By 1860 railroad competition and the economic panic of 1857 caused a major decline in lake commerce, leaving many vessel owners with idle ships. The American Civil War provided many ship owners with an opportunity to lease or sell surplus vessels to the U.S. government. Union naval strategy calling for a blockade of Confederate ports, forced the U.S. to expand its fleet exponentially. The resulting demand for private vessels was a boom to many ship owners.

A group of Boston investors bought the Maple Leaf in 1862 for lease to the United States Army as a transport. She operated on the southeast coast until the early morning of April 1, 1864. While steaming down the St. Johns River in northern Florida, a Confederate torpedo exploded near her bow. She sank quickly with her holds filled with the personal effects and camp equipment of three Union regiments. This material belonged to Federal troops transferred from Folly Island, South Carolina to Jacksonville, Florida a month earlier.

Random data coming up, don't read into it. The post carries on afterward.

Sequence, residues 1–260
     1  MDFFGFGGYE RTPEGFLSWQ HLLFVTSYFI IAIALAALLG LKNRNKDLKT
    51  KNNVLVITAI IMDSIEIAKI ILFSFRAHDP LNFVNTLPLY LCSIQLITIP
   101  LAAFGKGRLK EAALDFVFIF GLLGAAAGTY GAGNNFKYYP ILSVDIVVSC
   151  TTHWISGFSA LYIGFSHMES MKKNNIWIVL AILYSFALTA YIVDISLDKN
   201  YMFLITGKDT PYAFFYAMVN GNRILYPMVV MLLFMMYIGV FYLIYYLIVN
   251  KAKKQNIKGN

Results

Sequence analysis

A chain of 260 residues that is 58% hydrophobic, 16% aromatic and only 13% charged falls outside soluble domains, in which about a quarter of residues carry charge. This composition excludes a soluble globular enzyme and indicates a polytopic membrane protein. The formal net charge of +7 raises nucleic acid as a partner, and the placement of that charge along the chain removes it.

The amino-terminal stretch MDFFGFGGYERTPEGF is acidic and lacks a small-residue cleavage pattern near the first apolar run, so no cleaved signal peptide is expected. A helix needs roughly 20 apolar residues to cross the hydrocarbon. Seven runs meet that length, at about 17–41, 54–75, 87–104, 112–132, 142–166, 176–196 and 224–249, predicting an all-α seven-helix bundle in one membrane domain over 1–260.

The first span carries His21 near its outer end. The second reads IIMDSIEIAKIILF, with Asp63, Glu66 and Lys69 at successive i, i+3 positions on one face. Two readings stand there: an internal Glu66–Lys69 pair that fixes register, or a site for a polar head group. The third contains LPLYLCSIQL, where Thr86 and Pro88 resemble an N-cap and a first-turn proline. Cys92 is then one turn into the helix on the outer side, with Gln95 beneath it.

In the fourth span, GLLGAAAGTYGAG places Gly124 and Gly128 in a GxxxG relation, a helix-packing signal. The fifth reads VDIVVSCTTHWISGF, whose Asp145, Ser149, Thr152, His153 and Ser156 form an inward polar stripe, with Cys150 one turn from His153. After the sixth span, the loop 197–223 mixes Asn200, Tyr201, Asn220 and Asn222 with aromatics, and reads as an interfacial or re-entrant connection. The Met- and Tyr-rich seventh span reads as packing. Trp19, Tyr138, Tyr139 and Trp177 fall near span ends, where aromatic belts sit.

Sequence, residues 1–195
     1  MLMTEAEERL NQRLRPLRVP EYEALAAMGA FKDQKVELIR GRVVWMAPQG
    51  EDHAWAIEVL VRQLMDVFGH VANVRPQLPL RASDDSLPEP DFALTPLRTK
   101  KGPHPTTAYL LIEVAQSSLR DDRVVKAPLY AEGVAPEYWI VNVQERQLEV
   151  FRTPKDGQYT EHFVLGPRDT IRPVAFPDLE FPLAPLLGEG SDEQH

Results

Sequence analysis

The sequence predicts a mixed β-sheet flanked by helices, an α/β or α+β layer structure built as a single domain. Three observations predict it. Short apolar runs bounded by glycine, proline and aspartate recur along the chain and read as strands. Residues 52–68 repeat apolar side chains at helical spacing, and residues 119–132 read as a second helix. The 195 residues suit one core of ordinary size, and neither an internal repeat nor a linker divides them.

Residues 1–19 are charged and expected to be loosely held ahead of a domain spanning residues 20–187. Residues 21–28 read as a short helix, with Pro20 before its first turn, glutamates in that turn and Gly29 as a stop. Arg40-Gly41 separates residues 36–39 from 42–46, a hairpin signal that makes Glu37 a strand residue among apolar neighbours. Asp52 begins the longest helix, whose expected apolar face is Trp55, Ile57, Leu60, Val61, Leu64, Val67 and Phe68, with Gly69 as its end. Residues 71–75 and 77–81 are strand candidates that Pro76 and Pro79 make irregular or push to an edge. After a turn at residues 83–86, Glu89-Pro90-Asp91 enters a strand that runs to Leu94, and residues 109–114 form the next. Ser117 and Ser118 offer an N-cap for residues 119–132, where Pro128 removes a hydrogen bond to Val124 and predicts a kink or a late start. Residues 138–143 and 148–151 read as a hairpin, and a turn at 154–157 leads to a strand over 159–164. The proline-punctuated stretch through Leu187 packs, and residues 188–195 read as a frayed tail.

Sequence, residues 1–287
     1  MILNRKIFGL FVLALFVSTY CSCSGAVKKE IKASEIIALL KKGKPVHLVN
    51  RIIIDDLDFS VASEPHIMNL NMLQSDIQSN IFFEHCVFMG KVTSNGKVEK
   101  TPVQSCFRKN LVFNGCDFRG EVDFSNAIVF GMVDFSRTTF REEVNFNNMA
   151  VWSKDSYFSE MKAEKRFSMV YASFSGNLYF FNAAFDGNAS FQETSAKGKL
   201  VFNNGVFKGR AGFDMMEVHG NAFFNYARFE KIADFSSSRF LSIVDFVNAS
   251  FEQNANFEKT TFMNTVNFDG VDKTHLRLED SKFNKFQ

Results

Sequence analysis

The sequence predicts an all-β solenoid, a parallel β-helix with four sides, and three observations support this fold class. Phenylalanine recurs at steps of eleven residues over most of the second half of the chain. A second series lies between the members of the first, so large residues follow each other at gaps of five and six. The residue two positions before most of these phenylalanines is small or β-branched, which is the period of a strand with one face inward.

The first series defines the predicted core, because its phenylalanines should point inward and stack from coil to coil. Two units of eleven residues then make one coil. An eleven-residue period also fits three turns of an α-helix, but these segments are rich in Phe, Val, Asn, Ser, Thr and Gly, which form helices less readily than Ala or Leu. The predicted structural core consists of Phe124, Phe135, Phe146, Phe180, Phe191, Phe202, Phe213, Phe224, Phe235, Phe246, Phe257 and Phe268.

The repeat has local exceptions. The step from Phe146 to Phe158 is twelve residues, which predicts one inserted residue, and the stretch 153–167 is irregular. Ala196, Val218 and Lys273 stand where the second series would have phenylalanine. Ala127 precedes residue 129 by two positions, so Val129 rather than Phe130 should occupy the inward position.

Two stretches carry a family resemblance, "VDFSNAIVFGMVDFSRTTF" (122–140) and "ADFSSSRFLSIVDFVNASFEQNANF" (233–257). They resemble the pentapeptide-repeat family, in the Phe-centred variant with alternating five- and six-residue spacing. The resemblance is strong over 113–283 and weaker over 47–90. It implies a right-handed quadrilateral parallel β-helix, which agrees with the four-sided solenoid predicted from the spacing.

Following the loss, a Board of Survey was held in Jacksonville to determine the cause of the sinking. Crew and passengers testimony taken at the Board is the best source of information concerning the circumstances of the event, damage caused by the explosion and the disposition of the cargo on board. This testimony is an extremely valuable tool for interpreting the remains of the ship and in guiding excavation strategy inside the hull.

Following the torpedo explosion, the only major destructive impact on the site occurred during the 1880's (with the possible exception of minor salvage attempts by Union forces during the Civil War (OR,I, XXV, II:47,123)). After the war the vessel became a navigation hazard for river traffic. In 1882 and 1888 the U.S. Army Corps of Engineers contracted Roderick G. Ross, a marine contractor, to clear the wreckage from the river channel to provide safe navigation. Ross's efforts removed the Maple Leaf's superstructure and most of the machinery standing above the main deck, leaving 18 ft. of open water over the site at low tide (U.S. Army Engineers 1882, 1888). A river navigation chart issued in 1884 shows the site marked with a beacon (Figure 3). By 1911 the beacon is gone and the site area is shaded (Figure 4). During the century following Ross's work the baggage packed inside and the lower hull remained undisturbed.